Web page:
So with Lady Gaga's Monster (CD) the deep synth lines that are meant to provide a seismic backdrop did so. When I moved 16ft back from the Kensingtons to the rear wall I was hit by massive bass pressure waves that had me gripping the settee. These speakers go low and deliver awesome acoustic power with supreme ease - they're typical big Tannoys!
    Spinning Jackie Leven's Some Ancient Misty Morning (LP) had underpinning percussion sending out a thunderous message: there was an ease and a power to the drums and bass line that was big, bold and yet easy to enjoy. No small drivers struggling here: the 10in Duals just pumped it out with alacrity, defining bass notes with ease. These are physically big loudspeakers that sound big too - powerful yet relaxed, as if cruising along.




The Pepperpot wave guide, at the base of the treble horn.








The central midrange/treble horn loaded tweeter endows the Kensington with strong midrange detail and insight, shining a bright light onto an aurally sensitive area, making the ‘speaker quite forceful in its presentation.  Cryogenic treatment does reveal low level filigree detail and also improves resolution of ambience, obvious when spinning The Beatles 'This Boy', from Mono Masters.  The Kensingtons let me hear the studio behind John Lennon's microphone, making for an atmospherically live presentation. It was obvious that John was singing intensely, right into the mic. and this track became something of a demonstrator with visitors eager to hear our new The Beatles in Mono box set. The Kensingtons gave the song a sense of scale and solidity, as well as dynamic excitement.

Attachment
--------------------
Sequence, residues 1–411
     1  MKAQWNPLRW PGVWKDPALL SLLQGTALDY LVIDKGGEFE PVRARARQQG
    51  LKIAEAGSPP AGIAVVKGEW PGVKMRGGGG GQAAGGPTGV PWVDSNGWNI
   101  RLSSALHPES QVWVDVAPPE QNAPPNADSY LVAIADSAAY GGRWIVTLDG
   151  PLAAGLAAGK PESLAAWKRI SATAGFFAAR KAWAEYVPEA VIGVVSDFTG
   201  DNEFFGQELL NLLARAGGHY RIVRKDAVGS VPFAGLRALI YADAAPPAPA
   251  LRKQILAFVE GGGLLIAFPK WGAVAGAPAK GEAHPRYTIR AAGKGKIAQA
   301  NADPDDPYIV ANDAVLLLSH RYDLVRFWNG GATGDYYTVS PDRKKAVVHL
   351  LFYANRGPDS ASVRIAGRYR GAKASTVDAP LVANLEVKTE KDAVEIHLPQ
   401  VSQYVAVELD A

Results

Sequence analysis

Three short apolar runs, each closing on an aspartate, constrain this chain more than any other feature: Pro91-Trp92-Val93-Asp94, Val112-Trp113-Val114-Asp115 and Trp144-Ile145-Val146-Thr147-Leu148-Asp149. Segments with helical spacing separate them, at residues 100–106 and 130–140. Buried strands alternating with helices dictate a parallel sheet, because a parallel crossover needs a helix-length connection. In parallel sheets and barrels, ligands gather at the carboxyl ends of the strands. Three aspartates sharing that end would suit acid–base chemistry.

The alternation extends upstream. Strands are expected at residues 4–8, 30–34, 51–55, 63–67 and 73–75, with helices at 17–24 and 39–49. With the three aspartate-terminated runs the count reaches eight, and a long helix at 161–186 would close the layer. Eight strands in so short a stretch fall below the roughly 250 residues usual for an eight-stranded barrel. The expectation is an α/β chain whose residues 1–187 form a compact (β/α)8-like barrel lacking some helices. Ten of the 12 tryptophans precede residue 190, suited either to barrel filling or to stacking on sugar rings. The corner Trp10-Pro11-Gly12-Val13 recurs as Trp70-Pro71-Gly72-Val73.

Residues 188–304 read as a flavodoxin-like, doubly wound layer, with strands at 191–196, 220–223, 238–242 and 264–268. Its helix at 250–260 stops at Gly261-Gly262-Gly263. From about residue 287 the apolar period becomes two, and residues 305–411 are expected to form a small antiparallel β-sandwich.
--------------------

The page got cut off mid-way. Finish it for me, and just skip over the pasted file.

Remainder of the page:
Because the deep bass cone and horn at its centre project forward strongly, but less so to walls, floor and ceiling, the Kensingtons, like other Dual Concentric Tannoys, stayed both intense and well focussed as I moved backward from them, and at 16ft away there was noticeably less room muddle from reflections affecting the sound stage than I am used to from normal multi-driver loudspeakers. This contributes to their general sense of clarity and their insensitivity to room size.


Large WBT connectors accept spades, 4mm plugs and bare wire. Bi-wire links are shown here, and Earth terminal.


    Another interesting property of the phase-aligned Dual Concentric in the Kensington GR was that its sound balance did not change at all as I moved up or down in front of the cabinet, or even when I walked around the room. Conventional multi-driver loudspeakers, other than KEF Uni-Qs, change their sound, due to inter-driver phase cancellation, as you move around in front of them; in some cases this imposes quite a tightly defined and specific listening position, Yamaha's NS-F901 Soavo loudspeakers I reviewed in our September 2014 issue being a good example. The Kensington GRs are - almost uniquely - completely free of this problem. Their perfect phase matching helped give singers a sense of solidity and body.  Add this to their powerful low frequency output and the reason for the Tannoy sound becomes clear: from the Kensngtons you get scale, body, power and ease of delivery all in one. Result – happiness!